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    #185556 - 03/21/14 07:40 PM Re: Can an online peer group substitute? [Re: JonahSinick]
    JonahSinick Offline
    Member

    Registered: 07/28/13
    Posts: 51
    I personally have made several very close friends online, but I know that my experience is atypical.
    _________________________
    Advising for gifted children available at Cognito Mentoring.

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    #185563 - 03/22/14 02:42 AM Re: Can an online peer group substitute? [Re: solaris]
    puffin Offline
    Member

    Registered: 12/11/12
    Posts: 2035
    I would have a problem if people changed their names randomly too. I guess it isn't a good substitute but it would be better than nothing maybe.

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    #185564 - 03/22/14 04:18 AM Re: Can an online peer group substitute? [Re: JonahSinick]
    ColinsMum Offline
    Member

    Registered: 09/19/08
    Posts: 1898
    Loc: Scotland
    Most of my closest friends are people I met online - and several of my closest IRL friends are people I got close to through emailing them when we were apart. I find it easier to open up in text than in speech.

    I don't think it would work for my DS yet, though. Typing is too hard for him as yet.
    _________________________
    Email: my username, followed by 2, at google's mail

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    #185566 - 03/22/14 06:28 AM Re: Can an online peer group substitute? [Re: JonahSinick]
    lilmisssunshine Offline
    Member

    Registered: 03/01/13
    Posts: 163
    I think it's important to have some IRL friends, but that online friends are a good stand-in too.

    When I first had my son, I was living far away from any support network. I didn't have any friends or family around. My online moms' groups saved me from total insanity.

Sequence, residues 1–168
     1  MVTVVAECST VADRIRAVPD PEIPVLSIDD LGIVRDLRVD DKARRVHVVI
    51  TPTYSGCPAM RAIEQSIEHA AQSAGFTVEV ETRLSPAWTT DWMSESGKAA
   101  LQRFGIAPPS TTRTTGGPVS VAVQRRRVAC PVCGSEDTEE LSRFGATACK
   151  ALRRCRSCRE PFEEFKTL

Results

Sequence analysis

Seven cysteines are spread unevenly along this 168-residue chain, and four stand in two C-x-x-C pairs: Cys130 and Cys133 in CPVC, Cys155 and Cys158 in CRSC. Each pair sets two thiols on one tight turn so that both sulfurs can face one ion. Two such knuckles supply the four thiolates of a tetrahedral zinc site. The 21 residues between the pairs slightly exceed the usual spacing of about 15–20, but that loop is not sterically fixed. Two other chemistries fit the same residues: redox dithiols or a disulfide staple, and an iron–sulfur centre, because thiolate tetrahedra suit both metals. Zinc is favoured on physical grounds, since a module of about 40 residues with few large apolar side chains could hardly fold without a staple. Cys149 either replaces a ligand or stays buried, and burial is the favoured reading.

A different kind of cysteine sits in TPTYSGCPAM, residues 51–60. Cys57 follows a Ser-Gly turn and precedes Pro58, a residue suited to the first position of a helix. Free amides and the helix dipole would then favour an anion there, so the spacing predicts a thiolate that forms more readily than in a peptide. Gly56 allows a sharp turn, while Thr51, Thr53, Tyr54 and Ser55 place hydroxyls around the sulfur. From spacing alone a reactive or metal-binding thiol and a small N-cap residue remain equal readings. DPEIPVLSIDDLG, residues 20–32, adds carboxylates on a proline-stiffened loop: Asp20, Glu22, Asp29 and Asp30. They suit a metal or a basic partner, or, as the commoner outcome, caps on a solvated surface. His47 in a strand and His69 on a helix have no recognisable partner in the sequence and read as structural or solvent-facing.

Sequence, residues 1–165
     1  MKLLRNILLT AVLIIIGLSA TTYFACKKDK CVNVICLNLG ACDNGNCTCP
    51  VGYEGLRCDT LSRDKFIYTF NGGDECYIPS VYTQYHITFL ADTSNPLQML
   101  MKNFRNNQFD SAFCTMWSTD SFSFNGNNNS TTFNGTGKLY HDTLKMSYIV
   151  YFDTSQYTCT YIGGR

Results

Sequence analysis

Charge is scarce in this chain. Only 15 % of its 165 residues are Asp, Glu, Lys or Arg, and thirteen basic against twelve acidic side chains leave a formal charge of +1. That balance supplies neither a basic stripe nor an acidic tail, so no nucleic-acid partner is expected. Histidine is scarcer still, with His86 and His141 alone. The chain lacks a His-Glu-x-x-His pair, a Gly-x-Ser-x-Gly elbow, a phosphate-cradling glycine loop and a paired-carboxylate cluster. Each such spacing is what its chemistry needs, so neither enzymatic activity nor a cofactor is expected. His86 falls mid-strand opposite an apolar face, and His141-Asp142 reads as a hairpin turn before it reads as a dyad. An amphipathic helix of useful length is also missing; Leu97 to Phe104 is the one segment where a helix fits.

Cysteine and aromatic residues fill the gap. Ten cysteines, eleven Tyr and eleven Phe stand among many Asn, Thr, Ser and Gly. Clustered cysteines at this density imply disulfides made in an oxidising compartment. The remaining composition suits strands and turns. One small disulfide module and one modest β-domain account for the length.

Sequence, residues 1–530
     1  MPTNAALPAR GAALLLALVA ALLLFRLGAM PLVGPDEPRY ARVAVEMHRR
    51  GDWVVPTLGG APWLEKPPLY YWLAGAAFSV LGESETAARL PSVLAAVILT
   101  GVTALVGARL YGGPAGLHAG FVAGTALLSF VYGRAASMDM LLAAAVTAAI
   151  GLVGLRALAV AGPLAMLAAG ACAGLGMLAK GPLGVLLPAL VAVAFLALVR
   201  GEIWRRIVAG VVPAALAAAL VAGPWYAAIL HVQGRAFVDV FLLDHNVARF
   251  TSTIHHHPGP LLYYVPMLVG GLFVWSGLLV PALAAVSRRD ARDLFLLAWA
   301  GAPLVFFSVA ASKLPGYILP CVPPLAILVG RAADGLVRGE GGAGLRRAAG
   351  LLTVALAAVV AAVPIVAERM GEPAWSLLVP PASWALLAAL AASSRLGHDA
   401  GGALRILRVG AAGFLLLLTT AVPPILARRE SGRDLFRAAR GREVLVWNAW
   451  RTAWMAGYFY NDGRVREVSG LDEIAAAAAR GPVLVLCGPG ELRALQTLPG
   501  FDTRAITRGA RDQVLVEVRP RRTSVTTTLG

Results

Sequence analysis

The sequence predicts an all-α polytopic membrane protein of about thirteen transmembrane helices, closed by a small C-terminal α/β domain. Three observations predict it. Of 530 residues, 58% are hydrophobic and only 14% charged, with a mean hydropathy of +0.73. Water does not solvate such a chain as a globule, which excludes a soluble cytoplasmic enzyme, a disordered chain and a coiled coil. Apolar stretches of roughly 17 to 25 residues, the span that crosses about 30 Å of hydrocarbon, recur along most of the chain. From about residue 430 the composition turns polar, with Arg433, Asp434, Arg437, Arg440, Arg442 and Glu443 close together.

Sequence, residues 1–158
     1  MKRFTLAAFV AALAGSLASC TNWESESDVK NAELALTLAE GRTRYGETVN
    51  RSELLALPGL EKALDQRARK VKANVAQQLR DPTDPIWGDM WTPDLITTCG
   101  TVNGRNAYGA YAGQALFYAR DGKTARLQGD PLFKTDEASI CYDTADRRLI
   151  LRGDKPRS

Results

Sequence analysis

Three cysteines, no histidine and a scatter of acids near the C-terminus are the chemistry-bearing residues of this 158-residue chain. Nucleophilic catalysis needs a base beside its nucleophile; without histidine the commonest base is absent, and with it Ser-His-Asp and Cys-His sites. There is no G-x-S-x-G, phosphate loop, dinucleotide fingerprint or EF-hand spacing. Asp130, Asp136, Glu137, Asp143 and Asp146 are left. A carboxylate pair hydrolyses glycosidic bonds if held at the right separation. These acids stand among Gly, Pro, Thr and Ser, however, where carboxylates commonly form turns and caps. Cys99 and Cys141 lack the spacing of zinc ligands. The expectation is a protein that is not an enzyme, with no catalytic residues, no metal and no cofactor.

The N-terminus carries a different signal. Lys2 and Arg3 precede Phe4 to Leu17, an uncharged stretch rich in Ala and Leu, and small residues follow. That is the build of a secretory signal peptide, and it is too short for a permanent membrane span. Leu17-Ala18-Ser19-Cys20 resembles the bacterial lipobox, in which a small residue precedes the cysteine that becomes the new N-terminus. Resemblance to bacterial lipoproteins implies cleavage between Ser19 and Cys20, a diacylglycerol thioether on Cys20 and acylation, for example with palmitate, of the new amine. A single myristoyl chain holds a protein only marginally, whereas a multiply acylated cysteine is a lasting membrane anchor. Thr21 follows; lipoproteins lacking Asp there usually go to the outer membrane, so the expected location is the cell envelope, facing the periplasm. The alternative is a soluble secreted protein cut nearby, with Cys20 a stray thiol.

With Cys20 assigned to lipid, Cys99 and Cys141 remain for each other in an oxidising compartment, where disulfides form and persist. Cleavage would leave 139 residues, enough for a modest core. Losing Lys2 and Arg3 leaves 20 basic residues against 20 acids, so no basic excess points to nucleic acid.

Like ColinsMum, I have a lot of close friends that I met online. Some I met online, then in person, and now we keep in touch online. Some online friends I've never met in person.

    When it comes to our kids, though, I think of this more as something to be done in the teenage years. For example, a group met through an online course; or the friends they meet at a summer camp program far from home.

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    #185569 - 03/22/14 09:01 AM Re: Can an online peer group substitute? [Re: JonahSinick]
    aquinas Offline
    Member

    Registered: 11/02/12
    Posts: 2277
    I've made some lovely friends here and have sustained friendships over long distances online. I think it depends on the person's willingness and ability to be open through unconventional means of communication.
    _________________________
    Success is not final, failure is not fatal: it is the courage to continue that counts.

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    #185574 - 03/22/14 11:29 AM Re: Can an online peer group substitute? [Re: JonahSinick]
    Dude Offline
    Member

    Registered: 10/04/11
    Posts: 2856
    What works for adults doesn't necessarily work for kids, because they just don't have the same level of social skills to make it work. And online communities of adults often melt down in spectacular fashion.